The singer brings a new, positive outlook to her soulful R&B. 

kehlani photo by patrick ainsworth for my spilt milk
Kehlani, by Patrick Ainsworth

Kehlani has plenty of reasons to be jaded. The 22-year-old's 2015 mixtape, You Should Be Here, opens with an intro, on which her solemn, serious voice delivers a melodic message, “as much as anyone can say how invincible I seem or how fearless I am or how brave I must be, I’m still human. And I’ve seen things and I’ve felt more pain that some will in their entire lives, all before the age of even being able to buy a fucking drink at a bar.” These things--parents in and out of jail, a family dealing with addiction problems, time spent in foster care and on the streets--certainly warrant a hardened world view.

You Should Be Here  fits the hip-hop underdog narrative, but Kehlani emerged this year with a new lightness on SweetSexySavage. Katherine St. Asaph in Pitchfork described her new album as “refreshingly self-assured” and “blunt, unflinching, and exuberant.” This album’s opener keys us in to how she’s grown: “The truth is, I’m a superwoman…. Some days I’m a crazy woman for still waiting, for still loving harder even if I’m aching.”

Content-wise, her set this Friday at 5 p.m. on Voodoo's Altar Stage promises to be something we haven’t quite seen before, and there is reason to believe her vibe has changed too.

Ashley Uzer interviewed Kehlani for Galore about her upbeat narrative in SweetSexySavage. “I think people notice by now that I don’t really have any sad songs or songs that stay in the negative situation,” she said. “If they are talking about a negative situation, it’s usually like, ‘well, I’m stronger now,’ or ‘I’m getting better now,’ or ‘I don’t want to feel like that again.'” As Uzer notes, this positive, non-complaining outlook alone sets the singer out against her genre counterparts.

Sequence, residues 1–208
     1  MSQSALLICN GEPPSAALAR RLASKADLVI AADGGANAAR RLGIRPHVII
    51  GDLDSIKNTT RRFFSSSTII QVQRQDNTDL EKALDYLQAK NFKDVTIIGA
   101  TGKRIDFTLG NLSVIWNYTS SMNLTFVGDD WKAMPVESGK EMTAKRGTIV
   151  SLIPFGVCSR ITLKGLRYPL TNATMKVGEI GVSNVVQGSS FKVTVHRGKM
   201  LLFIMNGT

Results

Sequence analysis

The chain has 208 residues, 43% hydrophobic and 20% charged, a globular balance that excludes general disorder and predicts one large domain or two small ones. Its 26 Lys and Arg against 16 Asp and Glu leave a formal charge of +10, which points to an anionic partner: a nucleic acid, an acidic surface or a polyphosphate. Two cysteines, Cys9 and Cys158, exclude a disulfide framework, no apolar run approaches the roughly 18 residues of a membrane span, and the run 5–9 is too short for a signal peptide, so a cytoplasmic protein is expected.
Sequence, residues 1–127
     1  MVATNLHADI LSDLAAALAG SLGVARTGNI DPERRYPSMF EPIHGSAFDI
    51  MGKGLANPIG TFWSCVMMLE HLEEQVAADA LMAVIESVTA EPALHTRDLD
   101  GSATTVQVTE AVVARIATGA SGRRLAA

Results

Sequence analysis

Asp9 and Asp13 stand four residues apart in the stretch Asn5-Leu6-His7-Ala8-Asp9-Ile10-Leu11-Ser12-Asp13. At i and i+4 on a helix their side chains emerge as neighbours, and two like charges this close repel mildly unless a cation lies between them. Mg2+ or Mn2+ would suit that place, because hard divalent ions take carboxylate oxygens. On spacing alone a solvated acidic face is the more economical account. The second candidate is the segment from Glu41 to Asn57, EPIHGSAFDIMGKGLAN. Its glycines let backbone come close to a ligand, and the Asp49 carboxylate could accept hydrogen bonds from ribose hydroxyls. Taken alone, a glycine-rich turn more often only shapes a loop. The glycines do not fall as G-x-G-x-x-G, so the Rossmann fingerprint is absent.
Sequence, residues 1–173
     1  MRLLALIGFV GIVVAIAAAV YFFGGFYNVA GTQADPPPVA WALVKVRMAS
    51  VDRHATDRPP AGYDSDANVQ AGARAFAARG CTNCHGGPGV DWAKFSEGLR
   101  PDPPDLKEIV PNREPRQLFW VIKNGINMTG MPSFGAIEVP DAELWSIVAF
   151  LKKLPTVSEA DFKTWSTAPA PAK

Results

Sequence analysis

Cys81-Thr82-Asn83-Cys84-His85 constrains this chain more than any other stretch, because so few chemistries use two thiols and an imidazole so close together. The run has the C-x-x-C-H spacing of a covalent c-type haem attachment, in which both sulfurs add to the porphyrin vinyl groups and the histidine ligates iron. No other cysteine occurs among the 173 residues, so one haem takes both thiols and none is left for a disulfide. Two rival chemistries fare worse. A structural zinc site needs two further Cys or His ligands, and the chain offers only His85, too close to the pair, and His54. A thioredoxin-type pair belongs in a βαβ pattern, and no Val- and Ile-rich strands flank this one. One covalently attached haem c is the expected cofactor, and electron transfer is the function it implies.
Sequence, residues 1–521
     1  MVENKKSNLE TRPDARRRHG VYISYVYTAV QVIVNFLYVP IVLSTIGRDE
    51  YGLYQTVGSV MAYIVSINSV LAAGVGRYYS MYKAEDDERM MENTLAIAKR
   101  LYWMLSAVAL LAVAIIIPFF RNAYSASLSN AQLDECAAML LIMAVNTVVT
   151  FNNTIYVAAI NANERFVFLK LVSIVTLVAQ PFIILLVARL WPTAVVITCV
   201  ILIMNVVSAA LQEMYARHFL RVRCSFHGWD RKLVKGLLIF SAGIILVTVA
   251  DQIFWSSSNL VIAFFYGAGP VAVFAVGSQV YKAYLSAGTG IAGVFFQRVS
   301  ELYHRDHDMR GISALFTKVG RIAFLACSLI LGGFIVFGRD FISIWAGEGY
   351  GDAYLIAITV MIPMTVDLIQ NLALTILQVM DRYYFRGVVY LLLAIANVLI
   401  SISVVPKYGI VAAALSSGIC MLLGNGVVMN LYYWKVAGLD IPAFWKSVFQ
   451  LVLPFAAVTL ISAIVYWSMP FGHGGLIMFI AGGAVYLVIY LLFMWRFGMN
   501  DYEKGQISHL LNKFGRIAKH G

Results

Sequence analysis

Now, in a genre that too often treats love as weakness or death row reprieve, Kehlani takes it easy. “Honey,” for example, sets her raspy vocal next to an acoustic guitar as she sings, range, she sings, “I like my girls like I like my honey.” It could be another artist entirely from her in 2015 singing “Runnin’” with a trace-like beat under the more aggressive, “Oakland girls so damn hood but we so damn pretty.”

Kehlani has brought a similar accepting ease to her social media. On it, she has voiced her support for immigrants, women, the LGBTQIA community and spoken out about mental health. She seems to enjoy the platform she worked so hard to earn, and she's not shy about it. She weaves her relationship with her own bisexuality into SweetSexySavage as a meditation on all she’s thankful for. Her positivity is now what colors her presence in the music world and on stage, but she hasn’t lost her badass nature to this maturity. On “CRZY, she sings, "If I gotta be a bitch, I’m a be a bad one.” 

“Grateful and focused,” she wrote last week in one Instagram post. In another: “Daily reminder that life isn’t as serious as we make it.”